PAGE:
9. ^ Rushanara, Ali (July 2006). "One year later". Prospect. Retrieved 18 September 2008.
  10. ^ Rushanara, Ali (July 2006). "Articles by Rushanara Ali MP". Progress . Retrieved 24 October 2014.
  11. ^ "Are more young women happy to vote Conservative?'". BBC Radio 4. 14 May 2008. Retrieved 18 September 2008.
  12. ^ "Laurie Taylor discusses the latest social science research". BBC Radio 4. 25 June 2008. Retrieved 18 September 2008.
  13. ^ "Muslim Women Power List". The Guardian. 25 March 2009. Retrieved 3 June 2009.
  14. ^ Cooke, Phoebe (7 May 2010). "Rushanara Ali triumphs in an "historical moment" for Bethnal Green and Bow". London: East London Advertiser. Retrieved 7 May 2010.
  15. ^ Cooke, Phoebe (10 May 2010). "Rushanara Ali becomes first Bangladeshi MP". This is London. Archived from the original on 10 May 2010. Retrieved 11 May 2010.
  16. ^ Adetunji, Jo; Tran, Mark (7 May 2010). "General election 2010: first female Muslim MPs elected". The Guardian. Retrieved 7 May 2010.
  17. ^ "BBC News – Election 2010 – Constituency – Bethnal Green & Bow". BBC News. 6 May 2017.
  18. ^ "Governors". Westminster Foundation for Democracy. Retrieved 22 July 2017.
  19. ^ "Confirmed: Labour's new frontbench team in full". LabourList. 8 October 2013.
  20. ^ "BBC News – MPs support UK air strikes against IS in Iraq". BBC News. 26 September 2014.
  21. ^ "'As it happened: Commons debate on Iraq airstrikes'". The Times. 26 September 2014. Retrieved 29 October 2014.
  22. ^ "'Rushanara Ali resigns as shadow education minister over vote on Iraq military action'". Bangladesh: Bdnews24.com. 26 September 2014. Retrieved 29 October 2014.
  23. ^ "Bethnal Green & Bow". BBC News. 7 May 2010. Retrieved 10 June 2017.
  24. ^ "Who nominated who for the 2015 Labour leadership election?". New Statesman. 15 June 2015. Retrieved 8 September 2015.
  25. ^ "UK prime minister appoints Rushanara Ali MP as trade envoy for Bangladesh". Bangladesh: Bdnews24.com. 15 April 2016. Retrieved 2 April 2017.
  26. ^ "UK's trade envoy appointment shows the way". Dhaka: Dhaka Tribune. 17 April 2016. Retrieved 2 April 2017.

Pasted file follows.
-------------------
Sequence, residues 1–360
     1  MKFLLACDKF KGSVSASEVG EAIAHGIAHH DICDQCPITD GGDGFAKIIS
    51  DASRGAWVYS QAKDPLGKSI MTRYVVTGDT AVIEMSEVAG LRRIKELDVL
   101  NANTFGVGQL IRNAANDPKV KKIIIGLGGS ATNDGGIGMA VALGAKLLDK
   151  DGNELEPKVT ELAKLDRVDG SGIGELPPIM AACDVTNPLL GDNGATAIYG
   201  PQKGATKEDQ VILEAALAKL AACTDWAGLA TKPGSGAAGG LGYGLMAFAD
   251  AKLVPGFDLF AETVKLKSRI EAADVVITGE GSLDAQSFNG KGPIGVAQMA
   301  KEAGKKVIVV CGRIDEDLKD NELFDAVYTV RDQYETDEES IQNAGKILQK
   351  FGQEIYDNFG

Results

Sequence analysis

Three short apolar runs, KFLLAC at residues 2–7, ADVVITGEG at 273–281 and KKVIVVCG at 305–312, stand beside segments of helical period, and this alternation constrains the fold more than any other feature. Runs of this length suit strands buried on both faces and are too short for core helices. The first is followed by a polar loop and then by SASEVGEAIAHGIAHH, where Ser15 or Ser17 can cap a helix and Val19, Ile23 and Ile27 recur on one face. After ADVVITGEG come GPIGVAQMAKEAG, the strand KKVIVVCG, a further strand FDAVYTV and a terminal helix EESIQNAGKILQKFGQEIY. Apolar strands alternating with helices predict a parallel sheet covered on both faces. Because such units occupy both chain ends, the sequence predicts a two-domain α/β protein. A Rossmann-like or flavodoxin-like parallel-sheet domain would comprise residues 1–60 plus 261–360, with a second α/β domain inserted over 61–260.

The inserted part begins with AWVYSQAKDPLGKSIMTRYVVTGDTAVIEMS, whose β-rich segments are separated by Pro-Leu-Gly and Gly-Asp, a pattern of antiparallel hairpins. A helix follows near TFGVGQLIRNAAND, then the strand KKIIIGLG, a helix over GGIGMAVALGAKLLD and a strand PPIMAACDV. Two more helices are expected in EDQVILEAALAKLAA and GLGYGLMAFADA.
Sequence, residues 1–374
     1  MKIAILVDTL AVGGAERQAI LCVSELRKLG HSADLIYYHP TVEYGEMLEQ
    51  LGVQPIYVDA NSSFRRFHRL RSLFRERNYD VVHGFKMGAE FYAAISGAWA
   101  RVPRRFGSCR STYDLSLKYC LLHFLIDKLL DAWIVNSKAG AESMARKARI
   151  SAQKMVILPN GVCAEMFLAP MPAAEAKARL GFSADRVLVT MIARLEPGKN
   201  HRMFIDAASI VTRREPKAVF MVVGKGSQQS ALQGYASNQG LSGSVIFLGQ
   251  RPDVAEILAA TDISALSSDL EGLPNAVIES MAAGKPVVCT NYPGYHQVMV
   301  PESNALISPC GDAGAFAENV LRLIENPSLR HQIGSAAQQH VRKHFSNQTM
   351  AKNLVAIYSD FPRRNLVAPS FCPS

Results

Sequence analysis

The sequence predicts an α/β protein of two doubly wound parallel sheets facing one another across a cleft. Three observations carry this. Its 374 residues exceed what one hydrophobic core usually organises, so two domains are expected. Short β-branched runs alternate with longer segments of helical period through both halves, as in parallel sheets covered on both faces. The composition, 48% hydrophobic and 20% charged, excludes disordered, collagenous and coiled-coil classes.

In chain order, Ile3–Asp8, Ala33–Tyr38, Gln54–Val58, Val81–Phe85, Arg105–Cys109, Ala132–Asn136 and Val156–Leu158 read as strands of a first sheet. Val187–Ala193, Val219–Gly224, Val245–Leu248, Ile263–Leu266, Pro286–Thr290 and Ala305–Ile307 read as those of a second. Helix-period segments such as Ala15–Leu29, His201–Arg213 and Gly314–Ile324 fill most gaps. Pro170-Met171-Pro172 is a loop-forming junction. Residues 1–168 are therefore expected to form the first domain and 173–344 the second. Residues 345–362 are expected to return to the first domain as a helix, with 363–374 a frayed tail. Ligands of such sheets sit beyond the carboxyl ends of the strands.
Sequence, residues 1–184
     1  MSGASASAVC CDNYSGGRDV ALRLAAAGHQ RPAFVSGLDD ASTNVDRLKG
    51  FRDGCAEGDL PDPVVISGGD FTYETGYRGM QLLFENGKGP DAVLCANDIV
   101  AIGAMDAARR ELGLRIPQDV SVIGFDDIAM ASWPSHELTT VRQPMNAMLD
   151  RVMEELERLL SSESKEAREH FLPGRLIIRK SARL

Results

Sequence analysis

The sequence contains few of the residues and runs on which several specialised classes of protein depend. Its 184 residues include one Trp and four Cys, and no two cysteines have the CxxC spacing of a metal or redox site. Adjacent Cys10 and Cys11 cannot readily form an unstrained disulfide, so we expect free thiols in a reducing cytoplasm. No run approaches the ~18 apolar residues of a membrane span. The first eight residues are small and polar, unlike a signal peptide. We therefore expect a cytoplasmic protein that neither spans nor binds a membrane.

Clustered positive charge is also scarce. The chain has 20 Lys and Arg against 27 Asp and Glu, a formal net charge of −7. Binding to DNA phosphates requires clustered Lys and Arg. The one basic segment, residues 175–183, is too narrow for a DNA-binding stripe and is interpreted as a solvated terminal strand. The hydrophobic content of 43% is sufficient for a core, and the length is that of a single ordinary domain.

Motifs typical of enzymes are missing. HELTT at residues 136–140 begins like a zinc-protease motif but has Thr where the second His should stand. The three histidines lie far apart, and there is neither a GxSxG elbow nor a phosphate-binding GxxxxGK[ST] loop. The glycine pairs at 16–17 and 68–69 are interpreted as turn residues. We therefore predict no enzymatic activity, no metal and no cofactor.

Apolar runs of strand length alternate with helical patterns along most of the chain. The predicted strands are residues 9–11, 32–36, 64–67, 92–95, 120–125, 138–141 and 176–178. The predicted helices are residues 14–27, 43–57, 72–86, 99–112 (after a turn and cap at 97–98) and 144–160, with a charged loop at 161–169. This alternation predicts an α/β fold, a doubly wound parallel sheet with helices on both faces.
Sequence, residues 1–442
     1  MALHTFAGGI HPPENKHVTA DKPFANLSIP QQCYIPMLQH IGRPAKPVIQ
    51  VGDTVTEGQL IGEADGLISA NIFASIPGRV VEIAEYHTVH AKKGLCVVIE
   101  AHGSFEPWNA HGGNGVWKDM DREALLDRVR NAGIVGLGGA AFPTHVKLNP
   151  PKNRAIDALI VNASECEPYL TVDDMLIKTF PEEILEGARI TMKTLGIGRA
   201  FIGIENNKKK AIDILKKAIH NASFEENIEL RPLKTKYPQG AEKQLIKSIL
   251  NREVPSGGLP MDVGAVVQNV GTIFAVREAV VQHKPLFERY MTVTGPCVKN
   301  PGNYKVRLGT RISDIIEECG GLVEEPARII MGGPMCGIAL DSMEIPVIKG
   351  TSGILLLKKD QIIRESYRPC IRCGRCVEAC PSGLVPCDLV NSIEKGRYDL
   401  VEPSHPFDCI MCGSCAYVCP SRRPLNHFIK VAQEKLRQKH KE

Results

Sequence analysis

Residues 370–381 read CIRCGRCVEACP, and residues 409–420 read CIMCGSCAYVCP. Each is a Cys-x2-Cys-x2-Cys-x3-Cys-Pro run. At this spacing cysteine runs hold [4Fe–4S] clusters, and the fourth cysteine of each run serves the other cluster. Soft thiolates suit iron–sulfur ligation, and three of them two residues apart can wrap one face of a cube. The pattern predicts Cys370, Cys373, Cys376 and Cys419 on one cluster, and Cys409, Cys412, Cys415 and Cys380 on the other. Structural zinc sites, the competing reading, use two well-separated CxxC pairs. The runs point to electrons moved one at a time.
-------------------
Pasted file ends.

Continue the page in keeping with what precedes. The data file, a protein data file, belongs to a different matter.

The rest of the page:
27. ^ "Rushanara selected UK trade envoy for Bangladesh". Bangladesh: Prothom Alo. 15 April 2016. Retrieved 2 April 2017.
  28. ^ "Rushanara Ali made British trade envoy for Bangladesh". Bangladesh: Newsnextbd.com. 15 April 2016. Retrieved 2 April 2017.
  29. ^ "Ealing Central & Acton Parliamentary constituency". BBC News. 9 June 2017. Retrieved 9 June 2017.
  30. ^ De Peyer, Robin (9 June 2017). "Bethnal Green and Bow election results: Labour's Rushanara Ali wins". London: London Evening Standard. Retrieved 9 June 2017.
  31. ^ Cooke, Phoebe (9 June 2017). "Election 2017: Labour hold in Tower Hamlets as Conservatives lose majority". East London Advertiser. Retrieved 9 June 2017.
  32. ^ Brooke, Mike (14 March 2018). "Suspect package sent to Bethnal Green & Bow MP Rushanara Ali and three other Muslim MPs". London: East London Advertiser. Retrieved 1 April 2018.
  33. ^ "Third MP gets Islamophobic letter". BBC News. 13 March 2018. Retrieved 1 April 2018.
  34. ^ Elgot, Jessica (13 March 2018). "Four Muslim MPs receive suspicious packages at Westminster". The Guardian. Retrieved 1 April 2018.

External links[edit]

Parliament of the United Kingdom
Preceded by
George Galloway
Member of Parliament
for Bethnal Green and Bow

2010–present
Incumbent